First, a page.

Here are the steps to add the BIG Menu Widget:

1. Install the widget by double clicking on the .mulib file. The widget will then install into the Adobe Muse library panel. If you do not see the library panel go to Window > Library.

2. From the library panel you will be able to select from 11 different fullscreen menus. To find the BIG Menu widgets quickly type in “BGMNU” in the library panel search bar.

3. Drag and drop a menu onto your Adobe Muse website. At first you will just say a 50×50 box with an exclamation point. This is because an open button image has not been added.

4. Add a custom open button image in the “Open Menu” section. You can change the size of the open button as well as enable rotation on hover. Within the widget folder there are icons to help you get started if you do not have your own custom icons.

5. Add a custom close button in the “Close Menu” section. You can change the size of the close button as well as enable rotation on hover.

Muse For You - BIG Menu Widget Update - Adobe Muse CC - Web Design Ledger

6. In the “Menu Styling” section you can select the color for the menu overlay as well as style the text for the links.

7. To change the font for the menu select the widget and use the built-in Adobe Muse “Text” option in the upper toolbar. From here you can select any web font from the fonts menu.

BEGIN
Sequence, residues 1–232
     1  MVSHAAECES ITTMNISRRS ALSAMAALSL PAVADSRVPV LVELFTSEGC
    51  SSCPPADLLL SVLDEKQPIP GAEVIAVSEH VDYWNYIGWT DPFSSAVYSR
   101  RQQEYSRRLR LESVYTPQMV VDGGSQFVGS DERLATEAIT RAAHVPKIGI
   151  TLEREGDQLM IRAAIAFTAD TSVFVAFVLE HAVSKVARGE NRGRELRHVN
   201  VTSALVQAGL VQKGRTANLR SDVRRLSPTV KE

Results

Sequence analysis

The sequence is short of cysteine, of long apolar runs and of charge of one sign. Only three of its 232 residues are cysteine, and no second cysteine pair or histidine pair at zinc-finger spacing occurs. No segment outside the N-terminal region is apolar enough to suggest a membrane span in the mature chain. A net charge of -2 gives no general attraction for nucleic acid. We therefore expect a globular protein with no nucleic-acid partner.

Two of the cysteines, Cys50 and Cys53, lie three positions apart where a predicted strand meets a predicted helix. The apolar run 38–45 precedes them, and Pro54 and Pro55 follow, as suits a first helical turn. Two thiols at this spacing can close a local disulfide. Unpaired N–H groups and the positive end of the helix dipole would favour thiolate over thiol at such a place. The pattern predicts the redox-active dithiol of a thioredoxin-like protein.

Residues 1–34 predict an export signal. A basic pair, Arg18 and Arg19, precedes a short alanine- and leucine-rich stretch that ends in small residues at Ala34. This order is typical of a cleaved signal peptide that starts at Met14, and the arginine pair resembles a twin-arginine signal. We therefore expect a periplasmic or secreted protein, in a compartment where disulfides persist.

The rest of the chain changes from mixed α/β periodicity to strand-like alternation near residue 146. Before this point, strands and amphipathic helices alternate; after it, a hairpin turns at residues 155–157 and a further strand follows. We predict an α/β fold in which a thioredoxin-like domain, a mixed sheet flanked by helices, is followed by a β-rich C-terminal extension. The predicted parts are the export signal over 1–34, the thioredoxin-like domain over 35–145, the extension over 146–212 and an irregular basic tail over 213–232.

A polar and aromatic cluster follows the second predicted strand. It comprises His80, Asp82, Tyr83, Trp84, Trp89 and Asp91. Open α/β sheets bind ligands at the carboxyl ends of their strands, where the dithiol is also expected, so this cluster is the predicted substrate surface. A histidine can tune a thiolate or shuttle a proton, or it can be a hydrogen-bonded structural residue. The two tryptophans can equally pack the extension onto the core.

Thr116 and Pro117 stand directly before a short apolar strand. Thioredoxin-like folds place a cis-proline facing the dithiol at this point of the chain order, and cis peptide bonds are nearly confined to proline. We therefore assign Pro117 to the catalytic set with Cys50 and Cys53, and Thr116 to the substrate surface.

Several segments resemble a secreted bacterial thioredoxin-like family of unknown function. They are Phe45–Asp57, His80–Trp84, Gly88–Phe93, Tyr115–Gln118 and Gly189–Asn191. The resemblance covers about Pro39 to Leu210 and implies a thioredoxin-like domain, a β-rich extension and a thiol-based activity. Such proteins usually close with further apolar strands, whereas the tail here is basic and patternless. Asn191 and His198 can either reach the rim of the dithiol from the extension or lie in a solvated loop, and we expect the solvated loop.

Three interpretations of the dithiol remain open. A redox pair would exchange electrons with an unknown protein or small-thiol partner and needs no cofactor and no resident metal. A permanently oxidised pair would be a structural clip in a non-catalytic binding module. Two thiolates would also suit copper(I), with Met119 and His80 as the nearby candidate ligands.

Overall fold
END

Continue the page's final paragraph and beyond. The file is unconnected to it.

8. Select the amount of menu items for the menu in the “Menu Items” section. Here you can also set the text for the menu items and the links. You can link to an anchor point, internal page, or external page. There is a “Linking – More Info” section for reference on how to link the menu items.

9. Go to File > Preview Page in Browser to see how the menu looks.

10. Done!

Muse For You - BIG Menu Widget Update - Adobe Muse CC - Web Design Ledger

For more video tutorials and widgets for Adobe Muse visit

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My Journey Of Learning Programming Through Flatiron School #8

My name is Mason Ellwood and I’m currently working on Flatiron School’s Online Full Stack Web Development Program. Each week, I’ll be writing about my experience, what I’m learning, and tips on learning to code.

In the simplest terms that I can think of. To me, programming workflow (if you look at it in a broad sense) is very similar to a game most of you have played once in your life.

I know it is probably not the same one you have played when you were a kid, but bare with me. So with this game, you have a beginning point. to. You have to navigate through the different options (or pipe placement) to reach the outcome you want, the purpose. With this you can can navigate to the same end point in a few different ways, but all reach the same conclusion. Or they will navigate away from the expected output to a defined end point, where you have to either start over, or travel to a different outcome. As a programmer you have to be able to envision all possible outcomes from a single start point and what conditions need to be met to retrieve the outcome you want to meet to proceed.

Conditionals are one of the foundations of programming. If “something” is met, then do “something” else, and travel through the possible outcomes to reach the user’s goal.

Ruby conditional’s control the flow of the program that you are building. This includes if, else, and elsif.

This workflow looks something like this:

  • If (condition to be met)
    • code to run if condition is met
  • else
    • code to run if condition is not met
  • end


You can also add an elsif statement, which creating more conditional statements that could possibly be met. You can add as many elsif statements as you would like.